As you peruse Rotten Tomatoes, it can be easy to forget that there are actual people behind those numbers. These people have a job that sounds great to the common moviegoer. However, this shiny surface hides a plethora of complexities. Sure, they watch and talk about movies for a living, but film criticism requires dedication and hard work, in a field that is drastically different from when Siskel & Ebert first started using their thumbs. I sat down with Monica Castillo, a freelance film critic who has written for The Phoenix (RIP), DigBoston, Paste Magazine, Bitch Magazine, serves as co-host of Film Geek Radio’s “Cinema Fix” podcast, and is co-founder and current co-chair of The Boston Online Film Critics Association (BOFCA), to talk about film criticism, Boston and the evolving film scene.
Derek: How did BOFCA come about?
Monica Castillo: We kind of formed, in essence as a way to raise awareness of the film critic scene, the local Boston film scene in itself and also to protect ourselves. A colleague of mine who had stopped writing for a bit after he finished his Master’s thesis, he was kind of just burnt out on writing. He was more or less kicked out by the publicists and told like, since he’s no longer writing he no longer gets to cover film. There was no mediary term, there wasn’t any talk to him about it, [no one] ask[ed] him “hey are you planning to go back into this, because otherwise we’re going to tell you to stop”. They just kicked his ass out, chucked him out. So finally after that, he was like, I’m done fighting with publicists. We kind of all [the Boston online film critic community] had a wake up moment, where it was like, wow these people could actually have a say in where our career goes…that’s a huge thing.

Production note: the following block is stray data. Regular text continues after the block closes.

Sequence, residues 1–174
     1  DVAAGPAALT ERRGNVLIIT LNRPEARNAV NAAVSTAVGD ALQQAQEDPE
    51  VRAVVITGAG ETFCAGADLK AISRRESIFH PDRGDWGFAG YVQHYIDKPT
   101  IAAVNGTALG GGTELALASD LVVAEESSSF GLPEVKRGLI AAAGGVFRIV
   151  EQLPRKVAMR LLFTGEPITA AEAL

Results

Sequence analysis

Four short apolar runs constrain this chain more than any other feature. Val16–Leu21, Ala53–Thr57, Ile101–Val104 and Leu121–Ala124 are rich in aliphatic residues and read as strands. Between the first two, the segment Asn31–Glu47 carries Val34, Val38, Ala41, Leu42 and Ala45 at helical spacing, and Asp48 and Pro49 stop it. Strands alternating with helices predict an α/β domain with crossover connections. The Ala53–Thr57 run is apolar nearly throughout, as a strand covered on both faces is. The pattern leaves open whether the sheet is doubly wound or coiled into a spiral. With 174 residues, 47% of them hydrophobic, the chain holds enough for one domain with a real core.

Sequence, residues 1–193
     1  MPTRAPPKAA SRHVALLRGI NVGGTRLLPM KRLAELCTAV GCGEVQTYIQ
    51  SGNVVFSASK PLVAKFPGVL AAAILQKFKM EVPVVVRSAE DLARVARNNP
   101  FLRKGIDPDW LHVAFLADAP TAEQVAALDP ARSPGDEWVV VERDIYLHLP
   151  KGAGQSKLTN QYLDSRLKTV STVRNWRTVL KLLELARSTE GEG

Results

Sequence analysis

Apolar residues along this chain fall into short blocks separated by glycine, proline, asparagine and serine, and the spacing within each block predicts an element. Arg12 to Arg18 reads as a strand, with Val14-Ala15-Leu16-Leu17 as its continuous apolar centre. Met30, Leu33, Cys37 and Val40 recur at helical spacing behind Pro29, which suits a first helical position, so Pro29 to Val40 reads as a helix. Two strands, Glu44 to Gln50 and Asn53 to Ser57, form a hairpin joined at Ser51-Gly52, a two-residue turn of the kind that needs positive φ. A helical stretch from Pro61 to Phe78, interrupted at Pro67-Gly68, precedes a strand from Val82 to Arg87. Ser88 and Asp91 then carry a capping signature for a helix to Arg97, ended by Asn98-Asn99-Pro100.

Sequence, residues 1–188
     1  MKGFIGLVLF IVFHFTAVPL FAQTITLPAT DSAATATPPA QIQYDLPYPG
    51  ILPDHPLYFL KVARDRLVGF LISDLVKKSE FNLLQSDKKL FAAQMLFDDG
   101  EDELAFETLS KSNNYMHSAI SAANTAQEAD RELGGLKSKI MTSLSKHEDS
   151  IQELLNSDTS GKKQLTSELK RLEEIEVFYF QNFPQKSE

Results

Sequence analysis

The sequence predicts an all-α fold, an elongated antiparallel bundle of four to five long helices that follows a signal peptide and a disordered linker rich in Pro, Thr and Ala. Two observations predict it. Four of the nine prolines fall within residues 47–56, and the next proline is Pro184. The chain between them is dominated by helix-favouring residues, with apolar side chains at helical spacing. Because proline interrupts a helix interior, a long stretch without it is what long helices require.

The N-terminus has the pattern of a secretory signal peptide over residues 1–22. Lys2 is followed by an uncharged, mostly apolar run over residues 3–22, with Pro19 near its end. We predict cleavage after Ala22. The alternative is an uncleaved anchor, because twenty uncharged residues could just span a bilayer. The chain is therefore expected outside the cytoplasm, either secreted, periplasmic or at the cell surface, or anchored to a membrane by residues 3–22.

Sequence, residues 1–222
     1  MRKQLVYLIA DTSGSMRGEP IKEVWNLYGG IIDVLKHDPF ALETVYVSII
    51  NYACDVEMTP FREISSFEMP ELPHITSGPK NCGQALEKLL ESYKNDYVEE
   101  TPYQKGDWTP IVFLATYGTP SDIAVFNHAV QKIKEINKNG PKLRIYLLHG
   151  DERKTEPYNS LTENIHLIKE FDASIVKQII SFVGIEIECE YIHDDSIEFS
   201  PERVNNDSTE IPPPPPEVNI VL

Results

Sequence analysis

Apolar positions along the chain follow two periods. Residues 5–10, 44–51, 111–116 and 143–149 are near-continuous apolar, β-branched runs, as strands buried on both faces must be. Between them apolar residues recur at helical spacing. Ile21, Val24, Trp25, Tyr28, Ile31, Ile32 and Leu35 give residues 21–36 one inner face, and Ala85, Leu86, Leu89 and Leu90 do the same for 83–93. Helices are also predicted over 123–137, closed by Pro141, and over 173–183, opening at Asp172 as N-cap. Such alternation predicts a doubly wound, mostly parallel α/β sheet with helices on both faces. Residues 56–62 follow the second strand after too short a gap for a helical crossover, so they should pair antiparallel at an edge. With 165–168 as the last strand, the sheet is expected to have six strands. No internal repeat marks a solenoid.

D: Little bit.
MC: Then we started to form that in order to organize, if we did have a problem we could send in a mediary or whatnot in order to discuss it with them. And then the other part of that was also to talk more about the things we like to see in the Boston film scene. So IFFBoston is a big thing, everybody did some sort of form of coverage somewhere usually. I like to talk a lot about rep[ertory] stuff, and I haven’t really had the chance too much, but through DigBoston, they restructured my column more or less, so it’s a lot more focused on local, local, local. So now I get to talk about what’s going on in The Brattle Theater, what’s going on in The Coolidge; [the] Alloy Orchestra is in town over at the ICA [Institute of Contemporary Art], so that sort of thing where I get to direct people to this awesome silent movie or this great Tarantino retrospective that I’m really excited for, [it’s] what keeps me going to the movies, day-in, day-out, week-in, week-out.
D: That’s nice, a lot of times if you’re not following The Brattle, or don’t get their email, you won’t know what they’re doing.
MC: That’s the thing. And if you live outside of Harvard Square, or even near Harvard Square, you may not know they exist.
D: I mean, I lived in Boston for four years before I even knew The Brattle existed.
MC: Oof, yeah, it’s not uncommon.
D: The repertory scene does offer us something that we can’t really get anywhere else. There really is just something about seeing those old movies on the screen—
MC: And with an audience. I just saw “Thief of Baghdad” at the Somerville Theater as part of their Silent Film Series that’s going to happen once a month for the next couple of months. It has live accompaniment, which is the best way to see silent film, it’s all on the big screen and they’re all 35 mm, which is quickly dying in the city of Boston. I went to this last midnight movie at the Coolidge Corner Theater, it was “Buffy the Vampire Slayer”, and Fox told them that they no longer have a print of “Buffy”. It’s gone, only DCP [Digital Cinema Package].
D: That’s sad.